Engineering & Mining Journal

AUG 2018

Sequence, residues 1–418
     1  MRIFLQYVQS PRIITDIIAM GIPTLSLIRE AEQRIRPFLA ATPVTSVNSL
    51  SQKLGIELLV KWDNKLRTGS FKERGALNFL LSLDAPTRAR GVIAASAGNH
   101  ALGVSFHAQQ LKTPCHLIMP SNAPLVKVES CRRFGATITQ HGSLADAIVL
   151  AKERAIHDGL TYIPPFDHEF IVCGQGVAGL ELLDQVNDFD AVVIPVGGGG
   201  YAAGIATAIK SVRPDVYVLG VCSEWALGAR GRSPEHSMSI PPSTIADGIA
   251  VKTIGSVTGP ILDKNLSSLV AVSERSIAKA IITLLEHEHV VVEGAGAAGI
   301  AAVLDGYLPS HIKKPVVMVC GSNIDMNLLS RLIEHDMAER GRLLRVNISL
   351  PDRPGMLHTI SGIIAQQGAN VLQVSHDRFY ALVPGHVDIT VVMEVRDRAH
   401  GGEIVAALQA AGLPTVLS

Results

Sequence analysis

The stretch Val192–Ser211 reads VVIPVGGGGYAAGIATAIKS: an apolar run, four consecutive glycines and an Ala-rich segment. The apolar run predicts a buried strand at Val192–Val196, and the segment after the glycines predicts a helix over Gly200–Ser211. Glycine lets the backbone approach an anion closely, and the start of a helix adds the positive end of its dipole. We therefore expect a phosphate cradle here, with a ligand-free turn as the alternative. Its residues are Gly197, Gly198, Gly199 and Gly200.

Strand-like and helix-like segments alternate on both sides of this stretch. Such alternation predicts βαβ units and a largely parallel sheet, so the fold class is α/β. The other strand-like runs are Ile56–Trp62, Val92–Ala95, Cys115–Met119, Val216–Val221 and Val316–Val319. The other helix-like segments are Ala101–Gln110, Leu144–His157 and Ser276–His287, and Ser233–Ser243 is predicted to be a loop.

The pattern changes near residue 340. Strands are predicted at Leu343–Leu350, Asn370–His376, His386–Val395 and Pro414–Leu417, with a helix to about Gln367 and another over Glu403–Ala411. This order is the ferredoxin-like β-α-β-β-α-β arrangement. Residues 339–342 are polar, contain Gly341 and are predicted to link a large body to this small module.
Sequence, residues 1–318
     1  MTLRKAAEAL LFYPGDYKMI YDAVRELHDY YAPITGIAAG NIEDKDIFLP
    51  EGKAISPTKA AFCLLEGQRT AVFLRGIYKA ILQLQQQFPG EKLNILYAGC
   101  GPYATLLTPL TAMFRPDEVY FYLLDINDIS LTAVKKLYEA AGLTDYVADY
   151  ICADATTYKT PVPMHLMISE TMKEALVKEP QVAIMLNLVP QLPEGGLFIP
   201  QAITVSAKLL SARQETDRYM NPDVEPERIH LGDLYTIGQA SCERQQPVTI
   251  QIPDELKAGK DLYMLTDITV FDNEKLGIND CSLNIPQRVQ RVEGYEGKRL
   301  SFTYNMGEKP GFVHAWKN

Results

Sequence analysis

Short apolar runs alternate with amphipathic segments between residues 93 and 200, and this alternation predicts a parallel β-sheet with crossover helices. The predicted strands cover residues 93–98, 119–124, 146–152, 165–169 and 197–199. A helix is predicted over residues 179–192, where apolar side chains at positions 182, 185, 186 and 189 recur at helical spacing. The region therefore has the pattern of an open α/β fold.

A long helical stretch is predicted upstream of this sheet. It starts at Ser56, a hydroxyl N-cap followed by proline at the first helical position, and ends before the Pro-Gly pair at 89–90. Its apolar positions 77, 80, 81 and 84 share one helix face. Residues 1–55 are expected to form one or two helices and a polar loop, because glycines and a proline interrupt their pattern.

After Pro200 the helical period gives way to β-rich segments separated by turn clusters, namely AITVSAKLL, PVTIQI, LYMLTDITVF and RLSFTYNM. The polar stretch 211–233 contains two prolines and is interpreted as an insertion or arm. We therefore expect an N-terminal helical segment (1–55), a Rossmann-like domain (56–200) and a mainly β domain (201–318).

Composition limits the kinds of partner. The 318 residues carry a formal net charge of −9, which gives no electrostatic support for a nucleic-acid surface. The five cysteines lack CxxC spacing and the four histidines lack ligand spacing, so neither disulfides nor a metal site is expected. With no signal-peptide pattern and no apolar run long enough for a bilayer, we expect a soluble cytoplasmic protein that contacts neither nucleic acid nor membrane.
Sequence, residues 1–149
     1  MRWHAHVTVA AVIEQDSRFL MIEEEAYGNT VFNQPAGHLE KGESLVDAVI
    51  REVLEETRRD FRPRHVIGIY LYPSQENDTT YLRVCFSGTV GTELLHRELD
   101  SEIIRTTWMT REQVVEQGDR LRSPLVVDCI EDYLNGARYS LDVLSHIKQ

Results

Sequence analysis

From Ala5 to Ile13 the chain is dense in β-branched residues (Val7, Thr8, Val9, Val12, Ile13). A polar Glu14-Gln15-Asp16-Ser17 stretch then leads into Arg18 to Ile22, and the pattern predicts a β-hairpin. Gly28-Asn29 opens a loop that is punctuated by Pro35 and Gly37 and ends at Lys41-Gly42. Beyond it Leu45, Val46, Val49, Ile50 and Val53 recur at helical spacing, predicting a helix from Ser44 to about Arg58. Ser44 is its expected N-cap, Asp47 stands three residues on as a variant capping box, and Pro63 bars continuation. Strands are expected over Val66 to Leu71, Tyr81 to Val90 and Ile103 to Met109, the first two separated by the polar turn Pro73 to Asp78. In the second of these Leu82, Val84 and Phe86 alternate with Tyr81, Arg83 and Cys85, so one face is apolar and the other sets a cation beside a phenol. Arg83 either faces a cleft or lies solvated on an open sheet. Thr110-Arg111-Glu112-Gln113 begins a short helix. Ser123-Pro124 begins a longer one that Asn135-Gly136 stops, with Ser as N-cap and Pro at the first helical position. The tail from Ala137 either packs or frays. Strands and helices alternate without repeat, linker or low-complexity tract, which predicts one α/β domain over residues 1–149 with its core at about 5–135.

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MINERAL ECONOMICS AUGUST 2018 • E&MJ 53 there are other remaining factors that should ideally be measured, but there is a lack of comparable data. For two of these, government revenues and em- ployment, there are currently no com- parable data available for most countries for all of 1996-2016. It is, however, important to give some preliminary re- sults for these two additional compo- nents of mining's contribution in spite of less than complete datasets. Further foreign direct investment and total in- vestments into mining could have been included, but have not because of a lack of transparent data. Government Revenues From Mining The capturing by governments of some part of total resource revenues as govern - ment revenues (mainly taxes and royal - ties) is crucial to generating development for many reasons, not least that the min- eral resources are considered non-renew- able. From IMF data, it's clear there is a lagged relationship between metal prices and government revenues. Metal prices start to trend upward in 2002-2003 and government revenues increased a year or two later in most counties that are shown in the graphic. Among the countries in this small sample, government revenues grew until 2011-2012 and then fell back sharply at least for some countries while continuing upward for others (e.g., Gha- na). This is probably explained by the fact that Ghana is an important gold producer and the gold price has not fallen as quick- ly as some of the base metals. The IMF data are not complete for the full period until 2016 and for Zambia and Guinea, there are unfortunately no recent figures. The quick growth of mining in Mongolia has resulted in an equally rapid increase of government revenues, but the volatility is also high, making it difficult for miner- al-rich countries such as Mongolia to plan for their futures. Changes in MCI-W Since 1996 Among the top 20 LIE and MIE in 2016, no less than 11 economies have climbed up one step since 1996 in the World Bank income-group classification. Zambia, Ghana, Guyana, Mauretania, Mongolia and Kyrgyz were countries that were classified as LIE in 1996, but in 2016 are classified as LMIE. Coun- tries that were classified as LMIE in 1996, but UMIE in 2014 are Peru, Su- riname, Botswana and Namibia. Chile became HIE between 1996 and 2016. There are, of course, many factors influ- encing these gradual economic develop- ments, but it seems likely that the con- tribution of mining and minerals is one important factor. When comparing the mining contribu- tion to national economies between 1996 and 2016 at the global level, a similar broad picture appears. There are, how- ever, regions and specific countries that have climbed up the rankings very signifi- cantly. West Africa, for example, is a re- gion that has now moved to the top of the MCI rankings. Individual countries, which have climbed in the MCI-W rankings can be seen in Table 7. Laos and Eritrea had no industrial scale mining in 1996 so when mining started, they went from al - most zero to a point today where mining is contributing considerably to their econ- omies. African mining countries, in par- Figure 3—Value of mine production by country (circles are proportional to value of mine production) (Source: Raw Materials Group). Country Classification % Exports Botswana UM 92.7 Sierra Leone L 88.2 Congo, Dem. Rep. L 86.0 Mongolia LM 82.5 Burkina Faso L 78.3 Zambia LM 75.0 Mali L 74.7 Nauru UM 72.1 French Polynesia H 64.9 Guinea L 61.6 Table 4—Top 10 mineral export contributors in 2016 (Sources: UNCTAD, World Bank).

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